Jane L. Forrest, RDH, EdD, is a professor of clinical dentistry and section chair of behavioral science at the Ostrow School of Dentistry of the University of Southern California in Los Angeles, and director of the National Center for Dental Hygiene Research & Practice (NCDHRP). She has received several federal training grants, one of which included developing the NCDHRP and another on integrating evidence-based decision making (EBDM) into curricula. Forrest is an internationally recognized author and presenter on EBDM and is the lead co-author of two textbooks: Evidence-Based Decision Making: Developing Competence in EB Practice and its companion, The Faculty Toolkit.
A grant reviewer for the National Institutes of Health-National Institute of Dental and Craniofacial Research, Health Resources and Services Administration, and American Dental Hygienists’ Association (ADHA), Forrest also has served as a reviewer and task force liaison member for the Cochrane Oral Health Group and the United States Centers for Disease Control and Prevention. Among her honors, Forrest is one of the first recipients of the ADHA/Warner Lambert Award for Professional Excellence in Dental Hygiene, the Oral/Dental Hygiene Researcher Award presented by the Oral Health Research Group of the International Association of Dental Research, and the first dental hygienist recipient of the American Dental Association/ American Association of Dental Research Evidence-Based Dentistry Award. She is also a member of Dimensions of Dental Hygiene’s Editorial Advisory Board.
Why is research important to the profession of dental hygiene?
All true professions have a distinct knowledge base and dental hygiene is developing its own. Dental hygiene practice must be based on sound research and scientific information, and we need to develop our scholars at the graduate level to develop discipline-specific research that will grow our knowledge base. At an entry level, dental hygienists must be good consumers of research evidence, which means knowing what constitutes the evidence and how it is reported. Understanding research and levels of evidence allows us to better judge the validity and relevance of reported findings. By valuing and integrating good science with clinical judgment and patient preferences, we enhance our decision-making ability and maximize the potential for successful patient care outcomes.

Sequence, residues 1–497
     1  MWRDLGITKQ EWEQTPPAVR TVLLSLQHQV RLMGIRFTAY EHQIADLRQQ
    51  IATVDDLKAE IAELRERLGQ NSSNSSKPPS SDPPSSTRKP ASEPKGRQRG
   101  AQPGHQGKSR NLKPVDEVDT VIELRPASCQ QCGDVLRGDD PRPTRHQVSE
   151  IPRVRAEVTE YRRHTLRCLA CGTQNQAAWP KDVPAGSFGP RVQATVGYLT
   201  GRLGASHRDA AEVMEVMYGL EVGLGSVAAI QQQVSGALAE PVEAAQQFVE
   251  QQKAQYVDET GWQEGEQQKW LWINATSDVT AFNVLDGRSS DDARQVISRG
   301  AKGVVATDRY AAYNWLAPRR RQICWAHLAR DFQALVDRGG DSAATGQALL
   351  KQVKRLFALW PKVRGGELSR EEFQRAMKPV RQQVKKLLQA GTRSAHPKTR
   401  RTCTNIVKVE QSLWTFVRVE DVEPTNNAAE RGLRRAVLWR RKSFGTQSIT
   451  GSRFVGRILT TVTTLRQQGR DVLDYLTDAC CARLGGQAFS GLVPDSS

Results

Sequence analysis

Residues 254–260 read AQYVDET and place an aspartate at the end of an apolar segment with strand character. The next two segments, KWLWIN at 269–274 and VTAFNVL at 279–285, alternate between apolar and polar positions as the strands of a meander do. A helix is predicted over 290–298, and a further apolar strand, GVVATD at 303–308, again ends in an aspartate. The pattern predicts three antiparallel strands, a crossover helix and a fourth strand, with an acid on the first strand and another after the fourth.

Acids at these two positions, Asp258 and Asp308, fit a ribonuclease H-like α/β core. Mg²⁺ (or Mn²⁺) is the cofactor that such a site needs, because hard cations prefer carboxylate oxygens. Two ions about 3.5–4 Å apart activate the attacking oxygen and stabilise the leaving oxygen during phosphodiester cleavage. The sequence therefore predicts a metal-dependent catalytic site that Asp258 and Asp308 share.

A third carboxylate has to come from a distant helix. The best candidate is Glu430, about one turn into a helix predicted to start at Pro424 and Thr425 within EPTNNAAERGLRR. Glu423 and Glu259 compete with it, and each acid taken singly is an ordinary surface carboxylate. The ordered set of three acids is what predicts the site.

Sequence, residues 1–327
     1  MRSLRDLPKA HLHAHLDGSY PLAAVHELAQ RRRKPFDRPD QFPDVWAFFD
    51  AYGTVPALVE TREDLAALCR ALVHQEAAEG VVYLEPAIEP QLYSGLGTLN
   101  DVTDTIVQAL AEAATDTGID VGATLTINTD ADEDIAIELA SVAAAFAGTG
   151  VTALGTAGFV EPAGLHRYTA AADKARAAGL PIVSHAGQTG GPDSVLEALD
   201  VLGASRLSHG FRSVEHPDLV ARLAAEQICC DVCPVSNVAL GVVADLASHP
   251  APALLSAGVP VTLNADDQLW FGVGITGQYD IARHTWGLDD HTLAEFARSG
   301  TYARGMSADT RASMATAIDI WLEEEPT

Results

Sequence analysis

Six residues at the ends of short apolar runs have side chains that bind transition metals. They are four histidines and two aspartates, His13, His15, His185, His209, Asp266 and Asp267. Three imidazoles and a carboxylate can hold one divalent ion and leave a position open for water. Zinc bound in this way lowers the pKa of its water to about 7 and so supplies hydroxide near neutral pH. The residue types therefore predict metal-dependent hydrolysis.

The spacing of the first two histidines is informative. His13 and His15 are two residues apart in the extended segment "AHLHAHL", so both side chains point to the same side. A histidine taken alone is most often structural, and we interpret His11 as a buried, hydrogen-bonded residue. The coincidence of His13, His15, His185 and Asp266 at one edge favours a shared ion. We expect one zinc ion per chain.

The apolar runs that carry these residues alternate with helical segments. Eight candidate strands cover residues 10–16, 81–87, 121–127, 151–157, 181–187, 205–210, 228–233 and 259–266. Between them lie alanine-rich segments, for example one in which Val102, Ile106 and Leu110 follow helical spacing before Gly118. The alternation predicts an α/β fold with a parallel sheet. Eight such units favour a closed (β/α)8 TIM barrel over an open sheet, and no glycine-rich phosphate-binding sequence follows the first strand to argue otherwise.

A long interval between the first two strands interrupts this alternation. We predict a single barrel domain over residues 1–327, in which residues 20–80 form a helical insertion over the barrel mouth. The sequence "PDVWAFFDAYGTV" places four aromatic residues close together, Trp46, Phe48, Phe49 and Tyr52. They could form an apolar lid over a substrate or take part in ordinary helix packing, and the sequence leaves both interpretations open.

Describe one of the most memorable research projects you have worked on.
I was part of the team that obtained and implemented the grant, “A Model to Link Dental Hygiene Practice and Education Through a Collaborative Research Center.” This included establishing the National Center for Dental Hygiene Research and a summer research institute training program. Through this grant, we gained consensus on the ADHA national dental hygiene research agenda, which then was used to guide research projects by dental hygienists from universities throughout the US who attended our summer program. The networking and pleasure of working with those who attended have continued for more than two decades. Many of those team members have since earned their master’s and doctoral degrees, advanced their careers into leadership positions, and, as scholars, contributed to our dental hygiene body of knowledge. This grant also served as a model for three additional grants, one of which was “Integrating an EBDM Approach Into Curricula,” the current focus of my work.